Keegan Theatre has a great deal to live up to in their recent production of Rabbit Hole. A work of the prolific playwright, lyricist and screenwriter David Lindsay-Abaire, Rabbit Hole has been the recipient of a full five Tony nominations in addition to the 2007 Pulitzer Prize for Drama. Pulitzer’s generally are not won lightly, and Lindsay-Abaire’s win was well deserved. The pressure is high, but director Kerri Rambow and her team at Keegan are able to do tremendous justice to the much praised script.
… a haunting production, full of pain and sadness
Rabbit Hole tells the story of the middle-aged parents Becca and Howie, played by the husband and wife artistic director team of Susan Marie and Mark Rhea, eight months after a car accident took the life of their four year old son Danny. It is a taut and powerful family drama that doesn’t dare waste a single word. Most scenes follow the roller coaster path of building a quaint family life for Becca and Howie complete with birthday parties, loads of laundry, and quiet nights of wine and TV only to have that world violently torn asunder again and again as the still brutally raw grief both parents feel for Danny bubbles to the surface. It is an extremely challenging script, requiring great discipline on the part of every actor to both acknowledge the subtext hidden in every line and gesture and to not let on that they are acknowledging it.
They are universally up to the challenge. Susan Marie Rhea in particular shines as Becca, towing beautifully and tragically the line between inner pain and outer fury without coming off as either too weak or too acerbic. She clashes with her slightly eccentric mother Nat, played with welcome comic skill and subtle tenderness by Linda High, over their respective grieving strategies in a scene ripped right out of the living room of so many other grief-stricken families. It and so many other scenes in the show draw their power from their effortless realism, their ability to take an experience as universal yet as often repressed as grief and suddenly make it real and alive before the eyes of an audience. Mark A. Rhea as Howie, on the other hand, is the reserved counterpart of his wife who often wears her heart on her sleeve.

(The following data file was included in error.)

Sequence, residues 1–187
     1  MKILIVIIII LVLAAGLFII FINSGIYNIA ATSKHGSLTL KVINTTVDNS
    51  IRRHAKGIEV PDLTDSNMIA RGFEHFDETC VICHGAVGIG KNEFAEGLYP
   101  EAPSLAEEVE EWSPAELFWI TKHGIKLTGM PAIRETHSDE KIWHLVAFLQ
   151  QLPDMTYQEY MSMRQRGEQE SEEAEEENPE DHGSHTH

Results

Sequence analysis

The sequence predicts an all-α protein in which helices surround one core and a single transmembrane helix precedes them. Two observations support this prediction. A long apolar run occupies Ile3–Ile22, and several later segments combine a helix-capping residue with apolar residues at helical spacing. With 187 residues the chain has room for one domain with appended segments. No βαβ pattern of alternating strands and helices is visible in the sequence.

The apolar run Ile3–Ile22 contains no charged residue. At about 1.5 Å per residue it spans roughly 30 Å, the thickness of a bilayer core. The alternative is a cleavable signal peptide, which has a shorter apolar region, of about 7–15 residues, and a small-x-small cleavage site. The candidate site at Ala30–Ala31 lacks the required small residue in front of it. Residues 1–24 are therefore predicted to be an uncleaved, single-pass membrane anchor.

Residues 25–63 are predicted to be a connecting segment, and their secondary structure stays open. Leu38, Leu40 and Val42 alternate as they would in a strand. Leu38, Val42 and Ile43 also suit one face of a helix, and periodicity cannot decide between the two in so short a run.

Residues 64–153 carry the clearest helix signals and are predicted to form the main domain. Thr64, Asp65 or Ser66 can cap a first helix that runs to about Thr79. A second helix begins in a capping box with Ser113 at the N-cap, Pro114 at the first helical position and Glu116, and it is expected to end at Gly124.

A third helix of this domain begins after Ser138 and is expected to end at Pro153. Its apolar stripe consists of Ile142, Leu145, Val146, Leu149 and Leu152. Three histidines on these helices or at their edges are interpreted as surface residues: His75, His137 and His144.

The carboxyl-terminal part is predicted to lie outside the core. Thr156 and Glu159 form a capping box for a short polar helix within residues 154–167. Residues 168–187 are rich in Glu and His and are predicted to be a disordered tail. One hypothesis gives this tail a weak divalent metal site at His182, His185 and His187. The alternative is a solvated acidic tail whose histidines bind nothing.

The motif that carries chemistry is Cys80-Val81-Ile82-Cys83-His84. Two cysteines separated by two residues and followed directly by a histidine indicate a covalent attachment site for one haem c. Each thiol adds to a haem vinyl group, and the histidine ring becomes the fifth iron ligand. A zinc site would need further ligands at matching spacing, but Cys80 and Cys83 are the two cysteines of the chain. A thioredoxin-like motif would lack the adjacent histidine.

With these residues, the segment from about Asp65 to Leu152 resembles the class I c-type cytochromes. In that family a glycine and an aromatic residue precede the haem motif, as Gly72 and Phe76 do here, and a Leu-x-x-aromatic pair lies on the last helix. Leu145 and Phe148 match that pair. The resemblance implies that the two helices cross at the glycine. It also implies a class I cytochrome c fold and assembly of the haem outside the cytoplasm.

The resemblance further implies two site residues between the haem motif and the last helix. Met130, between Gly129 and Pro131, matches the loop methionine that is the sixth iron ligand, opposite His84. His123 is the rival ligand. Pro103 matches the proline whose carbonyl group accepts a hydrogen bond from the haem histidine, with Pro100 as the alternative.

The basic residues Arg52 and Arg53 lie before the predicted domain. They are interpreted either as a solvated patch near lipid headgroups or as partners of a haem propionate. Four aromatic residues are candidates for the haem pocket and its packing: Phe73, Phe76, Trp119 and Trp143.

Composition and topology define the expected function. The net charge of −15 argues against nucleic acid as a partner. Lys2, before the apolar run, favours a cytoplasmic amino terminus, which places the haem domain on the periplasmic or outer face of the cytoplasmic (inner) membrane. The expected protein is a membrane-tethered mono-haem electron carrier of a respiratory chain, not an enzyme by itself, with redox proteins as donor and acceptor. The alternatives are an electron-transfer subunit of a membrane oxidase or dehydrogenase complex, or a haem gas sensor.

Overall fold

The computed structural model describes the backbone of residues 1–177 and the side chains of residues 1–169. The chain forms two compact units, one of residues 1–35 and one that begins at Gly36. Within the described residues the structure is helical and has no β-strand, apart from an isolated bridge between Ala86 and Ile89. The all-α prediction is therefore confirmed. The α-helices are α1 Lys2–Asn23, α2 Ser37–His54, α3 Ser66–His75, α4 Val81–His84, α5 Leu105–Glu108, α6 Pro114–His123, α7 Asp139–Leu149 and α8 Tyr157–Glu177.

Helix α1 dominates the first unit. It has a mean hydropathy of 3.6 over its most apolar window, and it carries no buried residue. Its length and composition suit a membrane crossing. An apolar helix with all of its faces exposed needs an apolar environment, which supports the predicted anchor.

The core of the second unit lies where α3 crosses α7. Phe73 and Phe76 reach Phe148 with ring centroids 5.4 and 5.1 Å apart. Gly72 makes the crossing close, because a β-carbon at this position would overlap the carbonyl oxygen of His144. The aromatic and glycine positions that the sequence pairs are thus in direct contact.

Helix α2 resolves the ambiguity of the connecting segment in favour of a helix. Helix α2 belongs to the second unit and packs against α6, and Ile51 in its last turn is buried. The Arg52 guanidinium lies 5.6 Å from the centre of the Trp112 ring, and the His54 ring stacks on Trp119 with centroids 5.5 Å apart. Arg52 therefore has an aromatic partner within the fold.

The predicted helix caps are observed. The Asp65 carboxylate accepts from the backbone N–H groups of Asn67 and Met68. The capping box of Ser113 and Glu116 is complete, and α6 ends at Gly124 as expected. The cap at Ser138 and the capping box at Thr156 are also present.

Rounding out the cast is Shayna Blass as Becca’s younger sister caught in the middle of it all and high school senior Patrick Joy as the boy who hit Danny whilst driving just a little bit too fast. The main and supporting cast are universal delights, with each bringing their own subtle edge to the text.
These scenes would not have anywhere close to this power if the audience was not already invested in the world of the play when they occurred. On this front, particular praise must be given to the 4Point Design Collective and the work they did on the set design. All of the events of Rabbit Hole take place in the same series of rooms in Becca and Howie’s middle class suburban home, which for the purposes of this production was rendered as a sort of half cross section with a kitchen, living room and fully functioning stairs leading to various bedrooms. It is aesthetically pleasing and impressive, particularly when placed in the still very warehouse-like Keegan Theatre where the audience feels like a natural extension of Becca and Howie’s cozy brick walled home.
The crowning touch however comes from Danny’s room, which can be seen on the upper left of the top floor for most of the play. Still fully furnished with colorful robot emblazoned sheets, crude crayon drawings from school, and a smorgasbord of all sized toys, Danny’s room stands as a stark reminder of his constant lingering presence. As the show goes on, you start to realize that lots of the little touches of decoration and kitsch strewn about the set are also either direct or indirect reminders of Danny. His picture sits on an out of the way shelf, one of his coloring books is hidden and forgotten on the bottom level of a coffee table, the umbrella hanging next to all the coats is too small for a grown person. A play like Rabbit Hole needs a set design as careful and subtle as its text, and Rambow clearly recognizes this point.
One of the most compelling aspects of theater is that it gives us a window into the private, dealing with situations and experiences that many can remember going through but might not be able to address directly. Rabbit Hole fulfills that objective marvelously, and the cast and crew of Keegan should be proud of the work they put into making sure of that. It is a haunting production, full of pain and sadness presented in a meaningful way designed not to overload our senses with misery but to energize them with an odd sort of hope that even in our darkest times, things will get better, even slightly, with time.
Running Time: 140 minutes with one intermission.
Rabbit Hole runs through July 21st at Keegan Theatre, in Dupont Circle on 1742 Church Street NW. Tickets can be purchased here.